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Comment author: TheAncientGeek 15 December 2016 11:02:54AM *  2 points [-]

If we live in a world where the discover of the planning fallacy can fall victim to it, we live in a world where teachers of rationality fail to improve anyone's rationality skills.

Comment author: owencb 15 December 2016 11:51:06AM 0 points [-]

This conclusion is way too strong. To just give one way: there's a big space of possibilities where discovering the planning fallacy in fact makes you less susceptible to the planning fallacy, but not immune.

Comment author: owencb 11 December 2016 01:24:27PM 12 points [-]

I don't know who the intended audience for this is, but I think it's worth flagging that it seemed extremely jargon-heavy to me. I expect this to be off-putting to at least some people you actually want to attract (if it were one of my first interactions with CFAR I would be less inclined to engage again). In several cases you link to explanations of the jargon. This helps, but doesn't really solve the problem that you're asking the reader to do a large amount of work.

Some examples from the first few paragraphs:

  • clear and unhidden
  • original seeing
  • original making
  • existential risk
  • informational content [non-standard use]
  • thinker/doer
  • know the right passwords
  • double crux
  • outreach efforts
Comment author: owencb 11 December 2016 01:14:42PM 5 points [-]

I found this document kind of interesting, but it felt less like what I normally understand as a mission statement, and more like "Anna's thoughts on CFAR's identity". I think there's a place for the latter, but I'd be really interested in seeing (a concise version of) the former, too.

If I had to guess right now I'd expect it to say something like:

We want to develop a community with high epistemic standards and good rationality tools, at least part of which is devoted to reducing existential risk from AI.

... but I kind of expect you to think I have the emphasis there wrong in some way.

Comment author: owencb 11 December 2016 01:00:05PM 6 points [-]

I like your (A)-(C), particularly (A). This seems important, and something that isn't always found by default in the world at large.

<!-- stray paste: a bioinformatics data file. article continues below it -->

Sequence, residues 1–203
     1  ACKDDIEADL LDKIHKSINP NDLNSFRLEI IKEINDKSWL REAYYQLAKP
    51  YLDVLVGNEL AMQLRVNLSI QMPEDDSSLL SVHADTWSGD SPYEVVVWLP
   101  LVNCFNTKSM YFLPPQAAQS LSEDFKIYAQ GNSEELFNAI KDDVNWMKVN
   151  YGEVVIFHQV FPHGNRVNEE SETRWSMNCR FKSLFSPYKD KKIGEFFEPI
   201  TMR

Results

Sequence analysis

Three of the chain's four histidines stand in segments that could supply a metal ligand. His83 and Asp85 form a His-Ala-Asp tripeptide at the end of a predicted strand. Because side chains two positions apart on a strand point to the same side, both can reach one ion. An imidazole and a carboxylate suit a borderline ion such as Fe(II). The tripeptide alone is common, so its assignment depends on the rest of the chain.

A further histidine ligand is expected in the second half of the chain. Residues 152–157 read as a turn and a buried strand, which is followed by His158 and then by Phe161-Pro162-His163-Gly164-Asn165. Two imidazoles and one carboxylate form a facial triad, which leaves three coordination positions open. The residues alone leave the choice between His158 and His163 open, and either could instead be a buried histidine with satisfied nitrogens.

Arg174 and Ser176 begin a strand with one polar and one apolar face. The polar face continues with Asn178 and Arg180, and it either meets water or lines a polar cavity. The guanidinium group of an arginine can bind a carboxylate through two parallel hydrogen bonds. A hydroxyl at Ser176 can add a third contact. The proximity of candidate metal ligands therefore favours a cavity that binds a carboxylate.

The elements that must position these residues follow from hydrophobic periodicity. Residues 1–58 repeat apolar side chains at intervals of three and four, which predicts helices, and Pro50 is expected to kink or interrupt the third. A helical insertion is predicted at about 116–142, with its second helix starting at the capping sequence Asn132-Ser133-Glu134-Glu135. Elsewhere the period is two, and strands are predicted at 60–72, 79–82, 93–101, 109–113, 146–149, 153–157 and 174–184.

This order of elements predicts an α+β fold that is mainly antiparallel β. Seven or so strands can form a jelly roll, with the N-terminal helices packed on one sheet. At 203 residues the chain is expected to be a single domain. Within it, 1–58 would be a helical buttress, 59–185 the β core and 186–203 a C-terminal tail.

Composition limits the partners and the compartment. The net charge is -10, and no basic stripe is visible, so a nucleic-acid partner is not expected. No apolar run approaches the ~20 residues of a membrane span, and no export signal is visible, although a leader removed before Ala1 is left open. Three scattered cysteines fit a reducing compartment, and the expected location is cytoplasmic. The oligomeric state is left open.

Because it's somewhat unusual, I think it's helpful to give strong signals that this is important to you. For example I'd feel happy about it being a core part of the CFAR identity, appearing in even short statements of organisational mission. (I also think this can help organisation insiders to take it even more seriously.)

On (i), it seems clearly a bad idea for staff to pretend they have no viewpoints. And if the organisation has viewpoints, it's a bad idea to hide them. I think there is a case for keeping organisational identity small -- not taking views on things it doesn't need views on. Among other things, this helps to make sure that it actually delivers on (A). But I thought the start of your post (points (1)-(4)) did a good job of explaining why there are in fact substantive benefits to having an organisational view on AI, and I'm more supportive of this than before. I still think it is worth trying to keep organisational identity relatively small, and I'm still not certain whether it would be better to have separate organisations.

In response to comment by owencb on Be secretly wrong
Comment author: Benquo 10 December 2016 07:23:51PM *  5 points [-]

I think this clarifies an important area of disagreement:

I claim that there are lots of areas where people have implicit strong beliefs, and it's important to make those explicit to double-check. Credences are important for any remaining ambiguity, but for cognitive efficiency, you should partition off as much as you can as binary beliefs first, so you can do inference on them - and change your mind when your assumptions turn out to be obviously wrong. This might not be particularly salient to you because you're already very good at this in many domains.

This is what I was trying to do with my series of blog posts on GiveWell, for instance - partition off some parts of my beliefs as a disjunction I could be confident enough in to think about it as a set of beliefs I could reason logically about. (For instance, Good Ventures either has increasing returns to scale, or diminishing, or constant, at its given endowment.) What remains is substantial uncertainty about which branch of the disjunction we're in, and that should be parsed as a credence - but scenario analysis requires crisp scenarios, or at least crisp axes to simulate variation along.

Another way of saying this is that from many epistemic starting points it's not even worth figuring out where you are in credence-space on the uncertain parts, because examining your comparatively certain premises will lead to corrections that fundamentally alter your credence-space.

In response to comment by Benquo on Be secretly wrong
Comment author: owencb 10 December 2016 11:32:40PM 1 point [-]

This was helpful to me, thanks.

I think I'd still endorse a bit more of a push towards thinking in credences (where you're at a threshold of that being a reasonable thing to do), but I'll consider further.